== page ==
There are 1.7 million Muslims living in Italy and the government has licensed just a handful of mosques. Most Muslims worship in make-shift mosques set up in vacant shops and businesses or apartments. 

FILE - Matteo Salvini, leader of the Northern Leag
FILE - Matteo Salvini, leader of the Northern League party, meets the media at the Foreign Press Association headquarters in Rome, July 11, 2017.

Salvini has ignored pleas from the Catholic Church and ministers with Italy’s Democratic Party government to temper his increasingly bellicose rhetoric demanding a "stop to the invasion."

His party was called the Northern League until he decided to drop the goal of seeking secession for the more affluent north of the country and to court voters in the south, who he once castigated as parasites. Now independence for the north has given way to an unmitigated focus by the League on what Italy should do about the 600,000 migrants who have arrived in Italy in the past four years.

Former prime minister Silvio Berlusconi was meant to be a moderating influence on Salvini and populists in another party, Fratelli d'Italia (Brothers of Italy), who he’s in an electoral alliance with, but in the wake of the Macerata shooting, he too has has announced that all 600,000 migrants should be expelled, although he has stopped short of calling for the closure of mosques. Commentators say he’s determined to ensure his Forza Italia party will secure a bigger share of the vote than the League.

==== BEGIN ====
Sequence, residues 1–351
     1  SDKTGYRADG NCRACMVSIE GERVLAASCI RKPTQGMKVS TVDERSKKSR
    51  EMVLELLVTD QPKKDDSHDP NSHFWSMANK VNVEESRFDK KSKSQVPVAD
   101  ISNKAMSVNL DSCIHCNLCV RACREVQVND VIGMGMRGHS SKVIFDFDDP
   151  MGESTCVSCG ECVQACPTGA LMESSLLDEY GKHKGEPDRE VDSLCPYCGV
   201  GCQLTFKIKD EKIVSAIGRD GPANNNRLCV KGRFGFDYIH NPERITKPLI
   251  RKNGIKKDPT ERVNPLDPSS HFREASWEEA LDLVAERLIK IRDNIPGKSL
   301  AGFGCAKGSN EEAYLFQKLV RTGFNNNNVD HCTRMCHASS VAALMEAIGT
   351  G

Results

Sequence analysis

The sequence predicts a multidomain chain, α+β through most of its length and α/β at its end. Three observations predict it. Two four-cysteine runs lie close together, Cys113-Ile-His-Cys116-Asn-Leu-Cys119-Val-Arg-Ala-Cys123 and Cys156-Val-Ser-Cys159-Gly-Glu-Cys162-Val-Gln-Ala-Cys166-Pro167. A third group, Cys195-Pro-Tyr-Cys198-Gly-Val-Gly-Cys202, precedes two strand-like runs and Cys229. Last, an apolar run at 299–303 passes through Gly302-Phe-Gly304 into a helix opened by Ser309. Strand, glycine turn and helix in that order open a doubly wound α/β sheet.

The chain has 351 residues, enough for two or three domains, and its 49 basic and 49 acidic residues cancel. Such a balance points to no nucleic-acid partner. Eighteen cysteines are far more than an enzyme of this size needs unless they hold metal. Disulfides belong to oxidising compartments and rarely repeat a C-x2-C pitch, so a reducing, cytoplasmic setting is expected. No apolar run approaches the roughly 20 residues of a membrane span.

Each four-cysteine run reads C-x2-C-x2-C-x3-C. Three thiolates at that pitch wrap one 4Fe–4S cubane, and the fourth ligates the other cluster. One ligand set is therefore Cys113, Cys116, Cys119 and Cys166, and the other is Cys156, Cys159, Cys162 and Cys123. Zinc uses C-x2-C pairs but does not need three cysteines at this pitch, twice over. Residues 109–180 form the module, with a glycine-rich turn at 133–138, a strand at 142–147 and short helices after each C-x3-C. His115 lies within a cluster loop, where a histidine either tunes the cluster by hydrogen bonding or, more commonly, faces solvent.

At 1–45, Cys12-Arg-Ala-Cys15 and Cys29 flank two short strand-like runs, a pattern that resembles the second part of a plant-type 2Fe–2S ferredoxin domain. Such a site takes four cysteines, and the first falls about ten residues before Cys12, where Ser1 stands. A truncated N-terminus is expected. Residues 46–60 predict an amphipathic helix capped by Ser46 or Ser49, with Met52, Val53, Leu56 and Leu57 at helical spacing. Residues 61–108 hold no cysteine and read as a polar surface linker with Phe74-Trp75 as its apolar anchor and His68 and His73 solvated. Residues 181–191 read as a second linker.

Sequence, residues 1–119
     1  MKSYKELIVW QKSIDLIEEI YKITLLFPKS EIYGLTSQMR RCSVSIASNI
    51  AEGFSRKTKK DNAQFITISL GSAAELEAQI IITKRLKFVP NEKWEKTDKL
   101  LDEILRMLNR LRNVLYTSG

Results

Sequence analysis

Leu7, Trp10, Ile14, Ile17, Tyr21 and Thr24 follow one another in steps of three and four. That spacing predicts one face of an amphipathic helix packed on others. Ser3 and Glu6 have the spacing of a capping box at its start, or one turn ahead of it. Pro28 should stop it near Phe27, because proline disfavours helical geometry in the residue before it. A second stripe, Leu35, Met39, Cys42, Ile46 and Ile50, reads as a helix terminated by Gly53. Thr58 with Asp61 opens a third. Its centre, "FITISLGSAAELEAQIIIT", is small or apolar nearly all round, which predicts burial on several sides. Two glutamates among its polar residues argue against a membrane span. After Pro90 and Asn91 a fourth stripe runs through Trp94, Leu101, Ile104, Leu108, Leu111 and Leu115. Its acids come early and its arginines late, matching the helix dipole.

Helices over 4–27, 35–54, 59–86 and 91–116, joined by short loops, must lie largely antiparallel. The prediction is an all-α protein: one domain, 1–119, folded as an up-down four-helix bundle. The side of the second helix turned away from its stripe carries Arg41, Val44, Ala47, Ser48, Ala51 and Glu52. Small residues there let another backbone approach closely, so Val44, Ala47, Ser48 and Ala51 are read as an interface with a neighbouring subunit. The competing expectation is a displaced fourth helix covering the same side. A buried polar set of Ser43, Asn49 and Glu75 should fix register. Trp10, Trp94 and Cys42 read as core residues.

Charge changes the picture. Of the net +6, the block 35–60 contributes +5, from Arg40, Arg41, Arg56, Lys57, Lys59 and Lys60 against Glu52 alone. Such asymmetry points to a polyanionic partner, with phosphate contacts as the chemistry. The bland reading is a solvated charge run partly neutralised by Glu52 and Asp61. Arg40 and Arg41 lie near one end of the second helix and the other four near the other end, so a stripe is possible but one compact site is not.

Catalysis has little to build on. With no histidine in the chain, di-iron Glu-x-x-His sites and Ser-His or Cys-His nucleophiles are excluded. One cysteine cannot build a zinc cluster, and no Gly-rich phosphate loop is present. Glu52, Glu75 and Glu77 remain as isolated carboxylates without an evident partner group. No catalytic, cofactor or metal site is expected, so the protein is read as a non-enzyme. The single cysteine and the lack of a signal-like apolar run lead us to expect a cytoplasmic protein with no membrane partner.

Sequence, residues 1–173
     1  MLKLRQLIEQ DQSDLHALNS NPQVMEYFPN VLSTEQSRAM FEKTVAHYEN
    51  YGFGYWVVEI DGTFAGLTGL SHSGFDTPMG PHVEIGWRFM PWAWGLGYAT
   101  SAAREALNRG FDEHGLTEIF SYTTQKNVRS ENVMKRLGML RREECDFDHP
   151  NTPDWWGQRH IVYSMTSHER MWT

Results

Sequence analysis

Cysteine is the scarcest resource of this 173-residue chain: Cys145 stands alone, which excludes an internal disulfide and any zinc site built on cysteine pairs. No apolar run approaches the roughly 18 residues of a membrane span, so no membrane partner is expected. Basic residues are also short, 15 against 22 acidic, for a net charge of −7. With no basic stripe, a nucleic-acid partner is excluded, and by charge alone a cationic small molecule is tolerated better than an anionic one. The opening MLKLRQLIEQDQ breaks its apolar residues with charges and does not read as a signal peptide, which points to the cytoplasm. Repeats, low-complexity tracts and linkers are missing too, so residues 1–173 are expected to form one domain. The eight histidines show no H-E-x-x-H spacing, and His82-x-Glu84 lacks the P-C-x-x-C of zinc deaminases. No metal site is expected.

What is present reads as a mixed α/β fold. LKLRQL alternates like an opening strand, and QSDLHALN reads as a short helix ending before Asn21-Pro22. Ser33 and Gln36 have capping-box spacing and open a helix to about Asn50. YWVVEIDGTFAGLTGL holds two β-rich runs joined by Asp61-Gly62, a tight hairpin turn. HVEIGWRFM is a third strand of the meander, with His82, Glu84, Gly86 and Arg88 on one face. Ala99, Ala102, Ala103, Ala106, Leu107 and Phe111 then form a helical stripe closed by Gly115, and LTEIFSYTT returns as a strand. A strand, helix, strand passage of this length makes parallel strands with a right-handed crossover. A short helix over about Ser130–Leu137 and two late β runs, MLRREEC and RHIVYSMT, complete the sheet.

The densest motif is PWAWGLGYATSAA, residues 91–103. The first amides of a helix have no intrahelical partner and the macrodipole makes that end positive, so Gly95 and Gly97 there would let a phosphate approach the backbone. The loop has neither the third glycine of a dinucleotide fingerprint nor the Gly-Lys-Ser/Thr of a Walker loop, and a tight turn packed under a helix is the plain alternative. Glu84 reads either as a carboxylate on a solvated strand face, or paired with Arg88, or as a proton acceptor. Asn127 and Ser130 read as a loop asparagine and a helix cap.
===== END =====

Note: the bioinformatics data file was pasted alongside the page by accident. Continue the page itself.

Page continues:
Winning votes

Berlusconi’s deal with his election partners is that the leader of the party which secures the most votes will become the next prime minister, if as appears highly possible the right-wing electoral alliance is able to form a coalition government. 

"Those who justify incidents like the one in Macerata throw open the door to a return of fascism," said the country’s transport minister Graziano Delrio. Non-profits working with migrants say they are finding it increasingly difficult to secure cooperation from local municipalities and are encountering obstruction when they apply to open offices. 

Forza Italia party leader Silvio Berlusconi waves
Forza Italia party leader Silvio Berlusconi waves as he leaves at the end of a rally in Catania, Italy, Nov. 2, 2017.